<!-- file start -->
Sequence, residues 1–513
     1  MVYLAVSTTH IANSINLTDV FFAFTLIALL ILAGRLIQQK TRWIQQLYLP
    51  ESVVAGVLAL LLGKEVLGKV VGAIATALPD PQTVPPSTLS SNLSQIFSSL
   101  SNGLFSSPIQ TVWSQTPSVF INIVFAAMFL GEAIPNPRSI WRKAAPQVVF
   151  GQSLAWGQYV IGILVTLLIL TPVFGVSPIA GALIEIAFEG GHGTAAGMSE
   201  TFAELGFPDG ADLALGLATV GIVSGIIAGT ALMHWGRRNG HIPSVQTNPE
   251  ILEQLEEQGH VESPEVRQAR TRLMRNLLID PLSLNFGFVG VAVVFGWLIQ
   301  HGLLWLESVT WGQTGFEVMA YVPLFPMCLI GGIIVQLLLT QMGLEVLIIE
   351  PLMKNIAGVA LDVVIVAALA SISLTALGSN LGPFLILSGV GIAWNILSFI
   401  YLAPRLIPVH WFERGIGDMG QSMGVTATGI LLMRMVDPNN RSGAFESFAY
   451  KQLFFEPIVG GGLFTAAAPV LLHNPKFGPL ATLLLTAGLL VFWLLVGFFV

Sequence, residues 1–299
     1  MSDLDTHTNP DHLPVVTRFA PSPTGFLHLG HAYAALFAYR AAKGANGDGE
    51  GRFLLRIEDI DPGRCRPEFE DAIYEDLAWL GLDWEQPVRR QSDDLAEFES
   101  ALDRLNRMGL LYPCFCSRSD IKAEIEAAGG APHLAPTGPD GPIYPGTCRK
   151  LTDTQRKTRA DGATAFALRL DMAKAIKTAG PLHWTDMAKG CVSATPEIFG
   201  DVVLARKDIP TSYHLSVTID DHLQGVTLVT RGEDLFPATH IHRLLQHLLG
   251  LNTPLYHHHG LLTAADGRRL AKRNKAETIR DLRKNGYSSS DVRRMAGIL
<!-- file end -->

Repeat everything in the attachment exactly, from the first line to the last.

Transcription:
Sequence, residues 1–513
     1  MVYLAVSTTH IANSINLTDV FFAFTLIALL ILAGRLIQQK TRWIQQLYLP
    51  ESVVAGVLAL LLGKEVLGKV VGAIATALPD PQTVPPSTLS SNLSQIFSSL
   101  SNGLFSSPIQ TVWSQTPSVF INIVFAAMFL GEAIPNPRSI WRKAAPQVVF
   151  GQSLAWGQYV IGILVTLLIL TPVFGVSPIA GALIEIAFEG GHGTAAGMSE
   201  TFAELGFPDG ADLALGLATV GIVSGIIAGT ALMHWGRRNG HIPSVQTNPE
   251  ILEQLEEQGH VESPEVRQAR TRLMRNLLID PLSLNFGFVG VAVVFGWLIQ
   301  HGLLWLESVT WGQTGFEVMA YVPLFPMCLI GGIIVQLLLT QMGLEVLIIE
   351  PLMKNIAGVA LDVVIVAALA SISLTALGSN LGPFLILSGV GIAWNILSFI
   401  YLAPRLIPVH WFERGIGDMG QSMGVTATGI LLMRMVDPNN RSGAFESFAY
   451  KQLFFEPIVG GGLFTAAAPV LLHNPKFGPL ATLLLTAGLL VFWLLVGFFV

Sequence, residues 1–299
     1  MSDLDTHTNP DHLPVVTRFA PSPTGFLHLG HAYAALFAYR AAKGANGDGE
    51  GRFLLRIEDI DPGRCRPEFE DAIYEDLAWL GLDWEQPVRR QSDDLAEFES
   101  ALDRLNRMGL LYPCFCSRSD IKAEIEAAGG APHLAPTGPD GPIYPGTCRK
   151  LTDTQRKTRA DGATAFALRL DMAKAIKTAG PLHWTDMAKG CVSATPEIFG
   201  DVVLARKDIP TSYHLSVTID DHLQGVTLVT RGEDLFPATH IHRLLQHLLG
   251  LNTPLYHHHG LLTAADGRRL AKRNKAETIR DLRKNGYSSS DVRRMAGIL